An Arkansas House committee failed to take action on a bill would allow physician-assisted suicide for terminally ill patients. The proposal would have allowed patients who have a disease verified by the appropriate physician as life ending, the option to seek medication that would kill them.
Rep. Dan Douglas, R-Bentonville, presented the bill to the House Public Health, Welfare and Labor Committee on Tuesday. He said it would just give another option of care for patients who are suffering.
"For a terminally ill patient, who is scared of the pain and suffering that they might go through, they want the option available to give them comfort. If it gets too bad, I have the option to end the suffering for myself and for my family and it’s totally, with this bill, it’s totally their decision," Douglas said.
Many lawmakers had questions concerning the bill, including Rep. Fredrick Love, D-Little Rock, who said this before asking one of his questions.
"I’ll tell you Rep. Douglas, you’ve brought us a tough one. I’ll say that," Love said.
Love asked the difference between the type of physician-assisted suicide outlined in the bill and a "do not resuscitate" order. According to Karen Smith, a registered nurse who spoke on behalf of the bill, an assisted suicide action would be before something happened to a patient, as opposed to a "do not resuscitate," which would occur after. Douglas did say the two decisions were similar.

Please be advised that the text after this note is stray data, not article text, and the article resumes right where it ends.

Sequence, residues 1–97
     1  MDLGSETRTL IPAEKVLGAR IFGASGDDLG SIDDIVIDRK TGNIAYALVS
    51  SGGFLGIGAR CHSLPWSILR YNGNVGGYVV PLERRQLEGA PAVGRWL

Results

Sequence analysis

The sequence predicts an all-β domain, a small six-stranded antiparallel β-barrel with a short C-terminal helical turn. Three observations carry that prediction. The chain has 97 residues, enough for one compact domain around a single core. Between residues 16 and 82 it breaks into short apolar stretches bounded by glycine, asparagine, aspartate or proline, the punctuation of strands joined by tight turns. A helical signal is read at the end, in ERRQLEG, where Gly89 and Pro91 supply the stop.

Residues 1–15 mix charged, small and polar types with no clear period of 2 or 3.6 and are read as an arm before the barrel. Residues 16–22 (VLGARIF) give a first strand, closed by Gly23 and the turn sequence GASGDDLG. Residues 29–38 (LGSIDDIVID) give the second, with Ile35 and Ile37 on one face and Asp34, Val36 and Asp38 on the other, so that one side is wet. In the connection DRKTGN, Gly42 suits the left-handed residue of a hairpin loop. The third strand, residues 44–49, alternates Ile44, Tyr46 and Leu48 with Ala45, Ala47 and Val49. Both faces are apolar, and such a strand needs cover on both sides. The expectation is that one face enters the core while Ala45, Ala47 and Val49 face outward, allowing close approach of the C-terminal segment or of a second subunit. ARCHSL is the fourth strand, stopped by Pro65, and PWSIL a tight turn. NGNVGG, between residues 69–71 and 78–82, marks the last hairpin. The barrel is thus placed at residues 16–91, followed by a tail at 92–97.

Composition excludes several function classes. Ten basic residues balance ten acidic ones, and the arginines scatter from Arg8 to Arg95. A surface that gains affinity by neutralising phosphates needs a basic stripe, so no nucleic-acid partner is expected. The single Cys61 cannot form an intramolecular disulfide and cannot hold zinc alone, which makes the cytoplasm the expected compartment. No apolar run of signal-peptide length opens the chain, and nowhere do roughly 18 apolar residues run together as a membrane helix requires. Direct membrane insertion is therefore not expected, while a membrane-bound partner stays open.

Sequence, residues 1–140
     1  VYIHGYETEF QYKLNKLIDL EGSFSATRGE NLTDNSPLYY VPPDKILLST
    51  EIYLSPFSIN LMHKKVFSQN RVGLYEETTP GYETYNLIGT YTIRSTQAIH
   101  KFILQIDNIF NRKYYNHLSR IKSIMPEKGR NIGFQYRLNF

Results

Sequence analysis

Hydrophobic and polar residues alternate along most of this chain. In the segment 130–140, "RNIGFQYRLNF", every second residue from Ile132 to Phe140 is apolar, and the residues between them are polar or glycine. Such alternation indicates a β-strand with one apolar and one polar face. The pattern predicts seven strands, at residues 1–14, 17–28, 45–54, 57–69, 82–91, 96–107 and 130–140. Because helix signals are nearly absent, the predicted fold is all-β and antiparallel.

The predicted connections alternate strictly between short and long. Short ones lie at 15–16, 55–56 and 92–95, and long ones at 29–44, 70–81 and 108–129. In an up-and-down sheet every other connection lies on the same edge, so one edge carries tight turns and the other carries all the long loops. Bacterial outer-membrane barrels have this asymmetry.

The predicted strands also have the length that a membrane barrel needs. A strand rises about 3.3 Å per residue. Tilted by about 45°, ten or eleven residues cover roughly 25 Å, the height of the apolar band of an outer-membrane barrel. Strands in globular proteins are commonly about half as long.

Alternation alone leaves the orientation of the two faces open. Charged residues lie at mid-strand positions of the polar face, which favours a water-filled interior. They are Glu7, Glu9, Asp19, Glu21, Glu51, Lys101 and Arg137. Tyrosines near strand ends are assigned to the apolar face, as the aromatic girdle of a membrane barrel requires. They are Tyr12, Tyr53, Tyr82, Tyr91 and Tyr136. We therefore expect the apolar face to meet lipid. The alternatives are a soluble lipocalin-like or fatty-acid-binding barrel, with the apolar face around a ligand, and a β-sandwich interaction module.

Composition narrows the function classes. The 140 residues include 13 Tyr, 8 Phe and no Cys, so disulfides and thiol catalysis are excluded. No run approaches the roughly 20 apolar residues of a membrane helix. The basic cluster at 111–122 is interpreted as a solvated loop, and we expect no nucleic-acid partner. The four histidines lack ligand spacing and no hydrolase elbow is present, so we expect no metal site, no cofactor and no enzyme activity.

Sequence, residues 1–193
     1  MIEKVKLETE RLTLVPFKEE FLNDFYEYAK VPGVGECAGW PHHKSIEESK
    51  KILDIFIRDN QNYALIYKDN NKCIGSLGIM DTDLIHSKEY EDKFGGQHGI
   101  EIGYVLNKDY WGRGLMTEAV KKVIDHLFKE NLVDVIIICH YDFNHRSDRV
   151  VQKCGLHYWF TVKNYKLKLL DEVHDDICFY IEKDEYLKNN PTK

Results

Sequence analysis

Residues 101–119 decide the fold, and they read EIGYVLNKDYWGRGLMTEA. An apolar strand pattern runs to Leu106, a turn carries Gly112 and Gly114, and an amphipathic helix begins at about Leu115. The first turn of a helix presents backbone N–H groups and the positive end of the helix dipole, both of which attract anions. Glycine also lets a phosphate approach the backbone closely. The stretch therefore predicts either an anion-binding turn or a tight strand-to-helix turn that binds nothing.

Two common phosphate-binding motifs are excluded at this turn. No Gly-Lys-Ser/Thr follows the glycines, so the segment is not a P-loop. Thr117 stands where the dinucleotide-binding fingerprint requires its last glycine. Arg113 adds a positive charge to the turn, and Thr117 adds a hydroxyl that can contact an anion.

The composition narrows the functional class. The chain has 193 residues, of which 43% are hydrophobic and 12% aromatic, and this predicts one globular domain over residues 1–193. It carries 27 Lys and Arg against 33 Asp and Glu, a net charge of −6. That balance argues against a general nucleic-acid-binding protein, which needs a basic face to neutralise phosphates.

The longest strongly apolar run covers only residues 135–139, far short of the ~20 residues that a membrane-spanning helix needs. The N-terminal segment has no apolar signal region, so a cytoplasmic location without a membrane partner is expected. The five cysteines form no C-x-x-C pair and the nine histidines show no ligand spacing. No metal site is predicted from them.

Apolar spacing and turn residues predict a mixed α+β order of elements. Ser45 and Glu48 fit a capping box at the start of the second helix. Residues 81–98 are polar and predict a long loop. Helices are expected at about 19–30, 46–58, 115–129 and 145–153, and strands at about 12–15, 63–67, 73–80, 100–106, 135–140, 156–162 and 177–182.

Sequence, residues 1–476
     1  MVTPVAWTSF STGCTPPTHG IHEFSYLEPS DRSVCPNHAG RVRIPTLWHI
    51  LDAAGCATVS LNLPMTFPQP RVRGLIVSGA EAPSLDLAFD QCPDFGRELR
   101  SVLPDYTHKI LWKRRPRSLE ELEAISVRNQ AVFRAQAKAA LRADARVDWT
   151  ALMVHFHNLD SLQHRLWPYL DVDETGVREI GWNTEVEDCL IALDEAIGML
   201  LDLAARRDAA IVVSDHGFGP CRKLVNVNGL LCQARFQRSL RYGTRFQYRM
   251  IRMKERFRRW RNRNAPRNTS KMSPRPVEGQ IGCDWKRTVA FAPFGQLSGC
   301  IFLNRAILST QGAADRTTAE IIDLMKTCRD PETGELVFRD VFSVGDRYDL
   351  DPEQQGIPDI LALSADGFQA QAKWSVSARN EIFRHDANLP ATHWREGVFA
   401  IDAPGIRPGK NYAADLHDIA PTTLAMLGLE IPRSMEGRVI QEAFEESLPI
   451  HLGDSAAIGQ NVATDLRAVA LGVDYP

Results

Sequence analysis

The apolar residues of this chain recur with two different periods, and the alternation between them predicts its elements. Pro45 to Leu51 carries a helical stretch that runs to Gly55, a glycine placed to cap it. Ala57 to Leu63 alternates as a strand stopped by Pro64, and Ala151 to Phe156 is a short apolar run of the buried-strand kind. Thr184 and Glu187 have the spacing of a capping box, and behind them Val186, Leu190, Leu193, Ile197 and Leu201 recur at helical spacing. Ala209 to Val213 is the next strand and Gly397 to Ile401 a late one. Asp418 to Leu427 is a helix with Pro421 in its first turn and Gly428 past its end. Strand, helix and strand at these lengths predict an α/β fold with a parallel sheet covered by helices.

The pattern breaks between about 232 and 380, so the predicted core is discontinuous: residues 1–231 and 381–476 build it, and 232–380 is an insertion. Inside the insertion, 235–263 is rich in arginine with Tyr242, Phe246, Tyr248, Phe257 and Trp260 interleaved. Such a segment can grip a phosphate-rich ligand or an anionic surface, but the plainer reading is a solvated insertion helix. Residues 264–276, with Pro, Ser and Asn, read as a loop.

"With this compassionate care, end of life option, you have the same thing except you are in control of it. You’re not on the machine. You’re not incapable of making that decision and writing it out," Douglas said.
Rep. Justin Boyd, R-Fort Smith, had a question concerning health insurance and a company’s potential decision to choose to insure assisted suicide over longer term solutions.
"In Oregon and California, there have been...documented cases where the health insurer, where the state plan chose to pay for the physician assisted suicide option, rather than life sustaining therapy. Is there something in this bill that ensures that that doesn’t happen in Arkansas?" Boyd asked. "From my perspective as a pharmacist, I’ve seen insurers take what appears to me as the less expensive route."
Douglas said this bill did not have such language prohibiting insurers from doing that.
Another question concerned what defines as a “relatively short time” which is the amount listed in the bill that would qualify a patient to request physician-assisted suicide. Douglas said he was open to amending the bill to have that time period defined as six months or fewer.
Multiple health care professionals spoke against the legislation. One of them was Dr. David Smith who works as palliative physician. He said the care of those dying is based on a system of trust, and that physician-assisted suicide destroys that trust.
"Physician-assisted suicide can make doctors dangerous. It’s wrong to assume that physicians are always ideal moral agents. They are not. I have doctors that I’ve allowed to take care of my own family. Unfortunately, I have doctors that I work who I’d be afraid to take care of my dog. It takes no real skill to kill," Smith said.
The committee chose not to make a motion on the bill after debating and hearing testimony on it for over an hour.